On Saturday, UKIP Northern Ireland held its first ever autumn conference. As well as planning ahead for upcoming elections, we took stock of where we are as a party in Northern Ireland.
In 24 months, our membership has trebled, we now have over 300 members locally, we’ve appointed a Regional Management Committee and appointed David McNarry MLA as our local leader.
We’ve now got representatives in place across Northern Ireland with our newest branch in Fermanagh and South Tyrone being inaugurated just recently.
But there’s still much to do. That’s why conference kicked off with an intensive briefing for potential council candidates. We’ll confirm candidates early next year, but it’s already clear we’ll be fielding a record number and fighting our first European election here too.
With some establishment parties reporting a steep decline in membership, just why is UKIP growing? The answer’s simple, we’re in touch with reality, we’re campaigning on issues, which really matter, and we’ve the policies to make a difference.
Beyond the chattering classes, normal people in Northern Ireland are too busy choosing between heating and eating to hang on every word Dr Haass says. In the real world, parents recognise they know better than Minister O’Dowd what’s best for their children. And most people agree, believing a child is entitled to have a mother and not two gay daddies, doesn’t make you a dinosaur.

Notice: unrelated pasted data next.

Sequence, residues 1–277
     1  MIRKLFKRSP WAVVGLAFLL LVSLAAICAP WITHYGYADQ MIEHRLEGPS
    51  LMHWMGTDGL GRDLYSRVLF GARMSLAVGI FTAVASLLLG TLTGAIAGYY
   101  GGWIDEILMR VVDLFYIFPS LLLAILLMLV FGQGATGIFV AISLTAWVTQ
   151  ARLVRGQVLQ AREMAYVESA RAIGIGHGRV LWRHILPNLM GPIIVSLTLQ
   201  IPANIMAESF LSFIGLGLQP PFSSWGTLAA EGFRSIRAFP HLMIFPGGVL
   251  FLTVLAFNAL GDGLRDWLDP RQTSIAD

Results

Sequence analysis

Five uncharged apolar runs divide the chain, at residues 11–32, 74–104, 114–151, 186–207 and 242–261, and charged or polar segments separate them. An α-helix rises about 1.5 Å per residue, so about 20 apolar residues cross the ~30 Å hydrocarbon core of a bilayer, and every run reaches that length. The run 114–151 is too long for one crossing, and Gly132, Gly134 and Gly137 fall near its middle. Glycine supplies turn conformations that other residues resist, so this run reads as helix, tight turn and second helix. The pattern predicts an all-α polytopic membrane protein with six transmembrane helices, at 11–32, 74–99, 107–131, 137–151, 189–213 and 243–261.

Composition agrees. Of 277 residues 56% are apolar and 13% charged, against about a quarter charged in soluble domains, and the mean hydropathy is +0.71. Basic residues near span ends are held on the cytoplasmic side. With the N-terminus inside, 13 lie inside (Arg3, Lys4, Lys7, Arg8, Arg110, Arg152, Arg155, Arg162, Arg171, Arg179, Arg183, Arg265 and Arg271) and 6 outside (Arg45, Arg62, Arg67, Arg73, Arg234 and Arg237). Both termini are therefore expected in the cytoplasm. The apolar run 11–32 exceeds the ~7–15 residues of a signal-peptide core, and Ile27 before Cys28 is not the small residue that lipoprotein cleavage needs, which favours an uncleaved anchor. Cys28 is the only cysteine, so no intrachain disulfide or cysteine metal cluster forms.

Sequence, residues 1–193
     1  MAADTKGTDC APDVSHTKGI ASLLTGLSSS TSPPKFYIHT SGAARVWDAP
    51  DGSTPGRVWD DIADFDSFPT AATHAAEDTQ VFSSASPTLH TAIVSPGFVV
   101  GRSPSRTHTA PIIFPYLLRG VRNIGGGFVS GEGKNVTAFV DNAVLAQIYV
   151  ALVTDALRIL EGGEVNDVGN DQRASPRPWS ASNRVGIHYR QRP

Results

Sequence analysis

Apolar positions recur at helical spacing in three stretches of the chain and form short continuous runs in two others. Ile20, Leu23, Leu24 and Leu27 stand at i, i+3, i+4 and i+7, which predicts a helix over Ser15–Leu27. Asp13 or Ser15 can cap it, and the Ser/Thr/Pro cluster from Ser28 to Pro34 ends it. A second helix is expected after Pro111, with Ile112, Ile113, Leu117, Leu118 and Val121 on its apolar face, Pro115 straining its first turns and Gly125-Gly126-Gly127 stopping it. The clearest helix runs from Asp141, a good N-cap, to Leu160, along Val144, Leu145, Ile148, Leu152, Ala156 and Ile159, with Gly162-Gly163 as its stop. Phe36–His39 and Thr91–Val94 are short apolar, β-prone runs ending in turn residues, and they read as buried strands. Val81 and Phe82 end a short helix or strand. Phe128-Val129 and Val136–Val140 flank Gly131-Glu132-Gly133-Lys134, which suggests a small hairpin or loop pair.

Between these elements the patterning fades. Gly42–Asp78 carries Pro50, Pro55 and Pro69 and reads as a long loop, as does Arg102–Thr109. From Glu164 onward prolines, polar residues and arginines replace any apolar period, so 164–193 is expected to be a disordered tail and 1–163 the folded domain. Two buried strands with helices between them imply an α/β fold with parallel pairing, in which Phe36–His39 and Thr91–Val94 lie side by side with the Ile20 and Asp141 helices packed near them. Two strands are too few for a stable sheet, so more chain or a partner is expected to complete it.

That’s why at conference, we voted to ban the industrial scale wind turbine farms, which primarily benefit big business and wealthy landowners and disproportionately impact upon the poor.
It’s why we support the Dickson Plan in north Armagh, and the reopening of Lisnaskea High School. It’s why we pledged our support for the UK’s Judeo-Christian heritage, supporting heterosexual marriage.
And as David McNarry quite rightly said, it's why we support our Armed Forces and veterans too and called for the full implementation of the military covenant in this part of the UK
We heard solutions to many of our present problems and heard ideas for our farming and fishing industries that would allow them to thrive again.
I don’t expect UKIP’s message to go down well at Stormont, curry favour among the chattering classes or be well received by some sections of the media.
But it’s clear our common sense approach to politics is increasingly well received in homes across Northern Ireland. And that’s what really matters.